A ROCKHAMPTON businessman says a shortage of driving examiners in the region is costing people jobs, including big-paying roles in the mining industry.
Max Manley, director of Advanced Heavy Vehicle Driver Training, said he had 20 people waiting to sit for their heavy vehicle licence.
Most of these have jobs lined up to go to, either locally or in the booming resources sector.
It was thought the recent departure of Rockhampton testers had caused the Department of Transport and Main Roads to recently stop taking on new bookings in Rockhampton, though the department late yesterday said this was incorrect (see accompanying story).
Earlier this week The Bulletin, inquiring about a hypothetical test, was told no new bookings were being taken because of the loss of an examiner.
Mr Manley said the situation was getting worse.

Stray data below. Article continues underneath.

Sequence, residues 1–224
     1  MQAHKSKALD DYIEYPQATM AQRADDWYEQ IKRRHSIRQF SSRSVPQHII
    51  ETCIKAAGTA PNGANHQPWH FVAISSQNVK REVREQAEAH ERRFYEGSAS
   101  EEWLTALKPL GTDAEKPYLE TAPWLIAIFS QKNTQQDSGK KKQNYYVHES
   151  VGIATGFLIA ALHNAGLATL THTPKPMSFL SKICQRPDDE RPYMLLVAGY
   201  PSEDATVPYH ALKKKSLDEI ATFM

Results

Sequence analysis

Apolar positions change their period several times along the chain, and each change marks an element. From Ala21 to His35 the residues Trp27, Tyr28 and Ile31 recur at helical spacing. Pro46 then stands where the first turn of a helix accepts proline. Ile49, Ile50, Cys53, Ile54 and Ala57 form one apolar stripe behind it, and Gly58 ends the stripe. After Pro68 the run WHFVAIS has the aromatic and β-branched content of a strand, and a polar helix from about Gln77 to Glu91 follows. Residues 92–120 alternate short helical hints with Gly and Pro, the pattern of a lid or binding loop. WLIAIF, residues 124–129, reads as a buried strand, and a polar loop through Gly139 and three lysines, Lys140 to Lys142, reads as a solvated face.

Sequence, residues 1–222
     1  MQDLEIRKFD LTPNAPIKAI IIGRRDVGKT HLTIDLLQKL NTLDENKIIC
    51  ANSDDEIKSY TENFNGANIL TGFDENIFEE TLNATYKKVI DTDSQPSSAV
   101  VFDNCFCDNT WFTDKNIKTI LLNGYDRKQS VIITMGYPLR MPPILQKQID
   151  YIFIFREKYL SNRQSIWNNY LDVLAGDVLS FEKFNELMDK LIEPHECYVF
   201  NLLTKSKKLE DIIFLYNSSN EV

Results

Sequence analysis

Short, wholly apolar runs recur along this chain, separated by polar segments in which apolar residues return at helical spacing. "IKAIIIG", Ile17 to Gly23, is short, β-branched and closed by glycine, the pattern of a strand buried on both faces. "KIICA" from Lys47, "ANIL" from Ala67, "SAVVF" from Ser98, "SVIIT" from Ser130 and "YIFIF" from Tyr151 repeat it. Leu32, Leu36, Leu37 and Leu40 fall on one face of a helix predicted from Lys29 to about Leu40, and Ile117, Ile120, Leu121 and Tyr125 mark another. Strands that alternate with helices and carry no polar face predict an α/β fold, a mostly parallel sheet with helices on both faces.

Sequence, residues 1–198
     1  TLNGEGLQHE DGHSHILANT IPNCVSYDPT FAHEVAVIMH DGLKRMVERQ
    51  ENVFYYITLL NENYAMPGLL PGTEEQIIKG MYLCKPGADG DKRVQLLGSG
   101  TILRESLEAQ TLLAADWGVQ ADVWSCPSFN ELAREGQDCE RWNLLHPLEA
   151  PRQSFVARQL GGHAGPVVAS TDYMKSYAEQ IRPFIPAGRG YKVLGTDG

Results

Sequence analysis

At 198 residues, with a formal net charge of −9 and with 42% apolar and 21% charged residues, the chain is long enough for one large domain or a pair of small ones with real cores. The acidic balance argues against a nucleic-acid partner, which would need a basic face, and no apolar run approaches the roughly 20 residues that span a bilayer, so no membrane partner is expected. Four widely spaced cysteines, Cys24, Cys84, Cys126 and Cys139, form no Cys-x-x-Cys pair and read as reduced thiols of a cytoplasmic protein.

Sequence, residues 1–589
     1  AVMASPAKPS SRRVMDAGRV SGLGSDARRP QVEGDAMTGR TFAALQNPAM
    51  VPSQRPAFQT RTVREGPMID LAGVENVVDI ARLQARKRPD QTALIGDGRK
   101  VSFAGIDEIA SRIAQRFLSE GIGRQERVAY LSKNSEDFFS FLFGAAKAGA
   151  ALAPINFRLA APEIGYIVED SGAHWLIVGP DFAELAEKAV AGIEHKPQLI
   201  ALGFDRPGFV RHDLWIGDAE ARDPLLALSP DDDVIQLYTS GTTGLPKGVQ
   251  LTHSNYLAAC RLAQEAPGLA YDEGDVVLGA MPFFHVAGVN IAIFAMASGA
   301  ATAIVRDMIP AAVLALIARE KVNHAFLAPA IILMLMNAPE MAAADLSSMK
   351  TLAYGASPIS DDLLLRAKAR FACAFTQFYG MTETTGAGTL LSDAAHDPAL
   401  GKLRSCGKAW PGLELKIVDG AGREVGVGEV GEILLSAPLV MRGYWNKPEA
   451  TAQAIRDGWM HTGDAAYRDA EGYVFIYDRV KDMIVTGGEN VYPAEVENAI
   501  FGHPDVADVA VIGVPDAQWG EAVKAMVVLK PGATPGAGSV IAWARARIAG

"People are losing jobs because they can't get in for a test," Mr Manley said.
"We've got 20 people waiting for their tests who have jobs swinging on it.
"They are very frustrated.
"They have jobs waiting and have spent a lot of money to get their licence.
"They now have to spend more to (refresh) skills."
He stressed the situation was not the result of local management, who were good people. Instead, the problem was caused by those in power in Brisbane.
Adding to his frustrations is what he calls the government's "bumbling along" of a move to enable the private sector to administer tests. "They've been fiddling with this and it now looks like next year," he said.
After a report in The Bulletin earlier this week about the examiner shortage, 15 test spaces opened, of which Mr Manley was able to secure seven - still leaving 20 waiting.
Rockhampton driving instructor Peter Ceola said the department was looking to address the shortage of testers by training an office worker to become an examiner, splitting the position between the two roles.
"They are very frustrated. They have jobs waiting and have spent a lot of money to get their licence."